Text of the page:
I am addicted to grass. Not the kind some would legalize. I'm talking about suburbia's expanses of manicured lawns that look like small golf courses.
Growing up in Southern California, I lived in neighborhood yards -- welcoming playgrounds where we practiced somersaults and tumbled toward adulthood.
And that's why my husband and I ended up with a landscape covered with grass. Lots of it. At first it was delightful -- thick, weedless and deeply green. But soon reality struck.
Our gardener said we had to hire a company to control the weeds, improve the color and apply special fertilizers, plus aeration and grub and insect control. Vast amounts of water were required to slake the lawn's thirst, and much of it pooled wastefully in the gutter. The animal kingdom delivered the final blow -- crows, squirrels and raccoons picked at, dug in and rolled up the grass, searching for the perfect meal and mocking our efforts to control them.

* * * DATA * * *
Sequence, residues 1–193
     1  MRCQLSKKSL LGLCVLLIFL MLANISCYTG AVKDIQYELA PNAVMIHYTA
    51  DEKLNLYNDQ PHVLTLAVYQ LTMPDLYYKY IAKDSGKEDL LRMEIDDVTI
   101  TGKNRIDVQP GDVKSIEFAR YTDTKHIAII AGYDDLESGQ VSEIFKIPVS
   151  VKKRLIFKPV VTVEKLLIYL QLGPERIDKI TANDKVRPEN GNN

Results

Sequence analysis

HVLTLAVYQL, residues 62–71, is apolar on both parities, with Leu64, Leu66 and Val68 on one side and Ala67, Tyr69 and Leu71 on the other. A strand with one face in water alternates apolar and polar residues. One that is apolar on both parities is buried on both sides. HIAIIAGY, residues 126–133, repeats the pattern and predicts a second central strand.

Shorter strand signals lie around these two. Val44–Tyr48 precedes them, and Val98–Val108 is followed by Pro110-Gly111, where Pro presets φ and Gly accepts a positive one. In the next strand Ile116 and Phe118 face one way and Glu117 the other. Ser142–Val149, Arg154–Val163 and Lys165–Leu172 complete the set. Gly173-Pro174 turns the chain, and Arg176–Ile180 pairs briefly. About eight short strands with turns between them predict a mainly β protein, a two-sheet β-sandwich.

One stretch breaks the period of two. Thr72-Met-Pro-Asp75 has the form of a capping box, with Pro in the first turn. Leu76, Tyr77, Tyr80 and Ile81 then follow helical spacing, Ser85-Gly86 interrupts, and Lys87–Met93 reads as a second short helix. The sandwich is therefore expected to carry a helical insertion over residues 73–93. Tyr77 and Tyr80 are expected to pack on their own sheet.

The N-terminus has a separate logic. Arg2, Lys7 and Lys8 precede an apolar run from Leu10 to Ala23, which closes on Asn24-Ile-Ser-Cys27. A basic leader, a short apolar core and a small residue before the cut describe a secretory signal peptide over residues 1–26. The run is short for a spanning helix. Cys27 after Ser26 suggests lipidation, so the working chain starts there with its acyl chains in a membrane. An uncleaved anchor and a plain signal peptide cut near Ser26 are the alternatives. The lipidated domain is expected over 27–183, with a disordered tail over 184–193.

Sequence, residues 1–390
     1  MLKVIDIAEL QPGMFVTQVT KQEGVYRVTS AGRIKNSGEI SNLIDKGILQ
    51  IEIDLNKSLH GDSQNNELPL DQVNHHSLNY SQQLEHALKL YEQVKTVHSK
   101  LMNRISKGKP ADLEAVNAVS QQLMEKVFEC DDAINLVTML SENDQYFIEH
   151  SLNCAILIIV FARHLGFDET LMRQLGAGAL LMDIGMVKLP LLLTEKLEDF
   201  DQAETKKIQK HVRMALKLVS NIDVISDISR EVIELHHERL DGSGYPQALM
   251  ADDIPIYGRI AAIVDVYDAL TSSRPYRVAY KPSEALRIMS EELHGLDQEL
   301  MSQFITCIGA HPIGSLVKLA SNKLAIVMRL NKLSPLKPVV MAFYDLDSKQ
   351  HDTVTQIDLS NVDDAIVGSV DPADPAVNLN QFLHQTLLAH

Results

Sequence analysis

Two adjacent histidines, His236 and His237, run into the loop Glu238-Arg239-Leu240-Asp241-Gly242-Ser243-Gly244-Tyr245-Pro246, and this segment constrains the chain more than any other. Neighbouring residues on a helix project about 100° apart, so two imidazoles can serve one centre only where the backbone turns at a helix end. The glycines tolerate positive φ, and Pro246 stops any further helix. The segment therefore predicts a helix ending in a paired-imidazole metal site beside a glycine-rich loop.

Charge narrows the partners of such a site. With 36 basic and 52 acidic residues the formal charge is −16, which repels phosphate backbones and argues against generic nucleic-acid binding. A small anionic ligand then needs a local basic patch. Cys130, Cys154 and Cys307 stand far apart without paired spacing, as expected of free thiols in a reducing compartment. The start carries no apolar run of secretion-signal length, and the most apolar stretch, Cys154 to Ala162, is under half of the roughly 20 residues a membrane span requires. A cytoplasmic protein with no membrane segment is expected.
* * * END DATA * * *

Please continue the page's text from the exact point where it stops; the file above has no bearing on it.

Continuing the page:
We clung to verdant splendor another year until our gardener pronounced our lawn beyond redemption. We had a choice: replace it with new grass or something else. A horticulturist offered a solution. Plant native perennials to please the eye and cure my grass addiction. We signed the contract and all but a tiny patch of backyard grass disappeared.